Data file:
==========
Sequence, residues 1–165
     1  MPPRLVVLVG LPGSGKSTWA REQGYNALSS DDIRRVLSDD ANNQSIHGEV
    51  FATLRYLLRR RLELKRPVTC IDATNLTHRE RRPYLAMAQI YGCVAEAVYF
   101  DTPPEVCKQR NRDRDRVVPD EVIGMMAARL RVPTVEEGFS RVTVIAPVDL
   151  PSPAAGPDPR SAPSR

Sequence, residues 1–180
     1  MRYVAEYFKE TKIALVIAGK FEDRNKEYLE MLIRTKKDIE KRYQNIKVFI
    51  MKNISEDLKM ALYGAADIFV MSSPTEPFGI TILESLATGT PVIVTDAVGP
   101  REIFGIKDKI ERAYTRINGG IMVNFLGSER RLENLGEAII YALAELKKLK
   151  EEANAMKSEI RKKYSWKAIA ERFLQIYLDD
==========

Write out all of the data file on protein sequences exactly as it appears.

Sequence, residues 1–165
     1  MPPRLVVLVG LPGSGKSTWA REQGYNALSS DDIRRVLSDD ANNQSIHGEV
    51  FATLRYLLRR RLELKRPVTC IDATNLTHRE RRPYLAMAQI YGCVAEAVYF
   101  DTPPEVCKQR NRDRDRVVPD EVIGMMAARL RVPTVEEGFS RVTVIAPVDL
   151  PSPAAGPDPR SAPSR

Sequence, residues 1–180
     1  MRYVAEYFKE TKIALVIAGK FEDRNKEYLE MLIRTKKDIE KRYQNIKVFI
    51  MKNISEDLKM ALYGAADIFV MSSPTEPFGI TILESLATGT PVIVTDAVGP
   101  REIFGIKDKI ERAYTRINGG IMVNFLGSER RLENLGEAII YALAELKKLK
   151  EEANAMKSEI RKKYSWKAIA ERFLQIYLDD